I think that I know my client base well enough to know that the majority of you don’t use Twitter, although you probably do know someone who does (no, I don’t mean that guy who seems to be in the news every day for his posts). Unfortunately, what is happening now with that venue is getting out of control.

In the past few weeks if someone in politics, or in the news media, tweets something that is antithetical to another group’s beliefs, that person’s inbox will be filled to the brim immediately with targeted opposition posts. There are these things called “bots” (short for robots) that are now spewing out antagonist tweets at an unprecedented rate. And they are using Twitter to attempt to change the course of political and social discussions.

We all realize now that the 2016 presidential race was subject to Russian cyber-meddling. Some analysts say that the recent ferocity of the latest assaults is but a mere preview of what could be coming in the 2018 elections. The purpose of these bots is to sow discord, and so far, they are succeeding. While top Russian officials have repeatedly rejected accusations of meddling, the top U.S. intelligence agencies are telling us otherwise.

I’ll certainly bet you never thought the information you got on your mobile device came from a robot programmed to serve up garbage, but it is happening. And now, more than ever before, you now have to question the integrity of the information that you receive. On the one hand, ever since the election Twitter has taken steps to counter false news and kill off fake accounts. On the other, unfortunately, the bots are also getting savvier at dodging detection.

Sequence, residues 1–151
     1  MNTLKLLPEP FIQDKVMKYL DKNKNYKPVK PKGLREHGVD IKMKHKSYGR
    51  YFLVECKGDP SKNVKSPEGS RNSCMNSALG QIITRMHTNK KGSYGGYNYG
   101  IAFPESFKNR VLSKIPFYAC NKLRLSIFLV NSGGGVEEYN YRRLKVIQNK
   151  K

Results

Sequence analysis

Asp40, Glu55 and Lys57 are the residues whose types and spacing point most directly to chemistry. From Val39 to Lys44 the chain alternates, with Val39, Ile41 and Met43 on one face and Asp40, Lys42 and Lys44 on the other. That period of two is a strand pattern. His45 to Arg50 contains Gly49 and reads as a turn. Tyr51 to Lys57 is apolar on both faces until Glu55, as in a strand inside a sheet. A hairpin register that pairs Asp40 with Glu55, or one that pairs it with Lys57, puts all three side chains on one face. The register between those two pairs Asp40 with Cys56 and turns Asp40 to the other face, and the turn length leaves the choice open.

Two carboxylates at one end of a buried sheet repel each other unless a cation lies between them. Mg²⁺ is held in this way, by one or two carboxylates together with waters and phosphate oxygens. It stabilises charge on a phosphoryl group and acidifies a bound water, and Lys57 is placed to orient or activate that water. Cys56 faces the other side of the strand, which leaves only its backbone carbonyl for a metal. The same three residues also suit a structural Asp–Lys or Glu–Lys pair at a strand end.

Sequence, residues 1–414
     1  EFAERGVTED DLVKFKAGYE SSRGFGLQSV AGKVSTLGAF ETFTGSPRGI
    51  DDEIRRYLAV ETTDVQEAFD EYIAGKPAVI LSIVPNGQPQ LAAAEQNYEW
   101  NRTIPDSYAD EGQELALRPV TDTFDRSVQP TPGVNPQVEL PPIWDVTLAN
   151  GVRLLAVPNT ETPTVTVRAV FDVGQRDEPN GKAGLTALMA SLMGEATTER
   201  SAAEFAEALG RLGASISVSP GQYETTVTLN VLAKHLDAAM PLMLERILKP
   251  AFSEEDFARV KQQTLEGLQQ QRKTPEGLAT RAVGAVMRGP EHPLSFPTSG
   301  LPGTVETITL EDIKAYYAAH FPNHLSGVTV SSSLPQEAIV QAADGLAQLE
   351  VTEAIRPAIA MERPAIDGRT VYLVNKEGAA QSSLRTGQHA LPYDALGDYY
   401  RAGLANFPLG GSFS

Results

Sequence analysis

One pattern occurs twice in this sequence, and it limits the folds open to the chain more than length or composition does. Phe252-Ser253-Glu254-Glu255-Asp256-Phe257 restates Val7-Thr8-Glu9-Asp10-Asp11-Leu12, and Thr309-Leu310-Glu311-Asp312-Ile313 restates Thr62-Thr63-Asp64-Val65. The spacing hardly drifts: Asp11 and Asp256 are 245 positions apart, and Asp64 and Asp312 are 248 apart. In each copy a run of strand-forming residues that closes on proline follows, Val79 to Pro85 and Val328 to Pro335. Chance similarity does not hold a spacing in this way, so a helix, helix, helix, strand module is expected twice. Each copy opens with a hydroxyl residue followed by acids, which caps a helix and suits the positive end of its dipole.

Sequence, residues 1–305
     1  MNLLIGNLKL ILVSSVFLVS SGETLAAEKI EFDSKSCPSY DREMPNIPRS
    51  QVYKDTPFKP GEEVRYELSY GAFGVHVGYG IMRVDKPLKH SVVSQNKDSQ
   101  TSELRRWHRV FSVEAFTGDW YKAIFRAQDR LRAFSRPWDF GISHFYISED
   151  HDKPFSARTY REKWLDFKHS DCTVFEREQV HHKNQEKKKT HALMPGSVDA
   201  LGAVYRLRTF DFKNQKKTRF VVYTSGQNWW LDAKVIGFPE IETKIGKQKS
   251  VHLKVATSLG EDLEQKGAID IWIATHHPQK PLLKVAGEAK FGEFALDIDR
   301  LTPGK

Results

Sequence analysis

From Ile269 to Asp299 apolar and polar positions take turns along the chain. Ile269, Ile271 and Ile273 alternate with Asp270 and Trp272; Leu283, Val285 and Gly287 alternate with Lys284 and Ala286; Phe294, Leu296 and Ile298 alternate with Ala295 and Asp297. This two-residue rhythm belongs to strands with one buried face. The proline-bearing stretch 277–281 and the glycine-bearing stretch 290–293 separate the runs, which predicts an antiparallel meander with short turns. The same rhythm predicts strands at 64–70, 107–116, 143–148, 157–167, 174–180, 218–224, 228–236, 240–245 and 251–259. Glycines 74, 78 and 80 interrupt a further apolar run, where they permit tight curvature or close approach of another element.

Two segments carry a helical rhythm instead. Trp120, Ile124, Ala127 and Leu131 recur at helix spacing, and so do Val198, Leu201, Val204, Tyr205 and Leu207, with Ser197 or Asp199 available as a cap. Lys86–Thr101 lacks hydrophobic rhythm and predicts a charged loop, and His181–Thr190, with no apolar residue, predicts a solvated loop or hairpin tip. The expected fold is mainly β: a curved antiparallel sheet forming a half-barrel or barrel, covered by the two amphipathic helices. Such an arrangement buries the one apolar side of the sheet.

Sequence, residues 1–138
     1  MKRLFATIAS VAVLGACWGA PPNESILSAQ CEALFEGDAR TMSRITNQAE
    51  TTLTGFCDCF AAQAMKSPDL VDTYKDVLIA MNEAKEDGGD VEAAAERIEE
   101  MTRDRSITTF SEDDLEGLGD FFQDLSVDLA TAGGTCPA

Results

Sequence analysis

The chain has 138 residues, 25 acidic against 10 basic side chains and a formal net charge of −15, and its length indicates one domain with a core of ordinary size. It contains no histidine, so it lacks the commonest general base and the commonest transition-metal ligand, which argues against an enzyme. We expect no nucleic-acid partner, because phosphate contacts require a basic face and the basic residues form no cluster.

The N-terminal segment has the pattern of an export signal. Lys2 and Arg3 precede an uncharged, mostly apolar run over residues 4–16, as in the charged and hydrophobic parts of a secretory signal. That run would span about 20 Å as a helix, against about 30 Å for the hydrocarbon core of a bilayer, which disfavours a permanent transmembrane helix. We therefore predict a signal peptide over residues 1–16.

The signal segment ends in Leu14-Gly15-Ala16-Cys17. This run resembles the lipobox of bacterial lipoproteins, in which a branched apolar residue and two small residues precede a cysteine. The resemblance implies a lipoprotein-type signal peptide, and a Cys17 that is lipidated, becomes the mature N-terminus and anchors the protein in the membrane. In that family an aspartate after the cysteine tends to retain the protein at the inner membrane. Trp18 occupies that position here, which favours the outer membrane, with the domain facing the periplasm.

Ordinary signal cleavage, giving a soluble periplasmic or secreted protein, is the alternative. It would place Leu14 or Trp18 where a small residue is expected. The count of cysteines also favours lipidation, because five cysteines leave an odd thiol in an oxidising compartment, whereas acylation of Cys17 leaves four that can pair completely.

A client called in on my support phone earlier this afternoon and told me that she had a “Microsoft System Security Alert” screen that was talking to her and that she couldn’t do anything with her computer.

I launched a remote session, and by using the Windows Task Manager I quickly ended the Internet Explorer applications that were running. It was a fast and easy fix for a really stupid problem.

I was extremely grateful that this particular home user called me, instead of the 800 number that was on the bogus alert screen (shown below). But my relief was short lived.

A few minutes later she was back on the phone saying the fraudulent alert was on her computer again. I killed it and ran a scan with Malwarebytes, which turned up nothing.

I reassured her that everything was fine.

When she called a third time, I had to ask what it was she was doing – so she showed me. She launched Internet Explorer and it opened on AOL’s home page. She told me she wanted to go to Amazon to check on a book. And she did so using the AOL Search bar and typing in Amazon.

On the resulting page AOL search results list (shown below), she clicked on the first link that was displayed. I finally understood exactly what was going on.

You see, that is a sponsored advertisement, meaning some organization paid AOL money to highlight their “product” based on a search. Underneath that is, in fact, Amazon’s legitimate web site listing.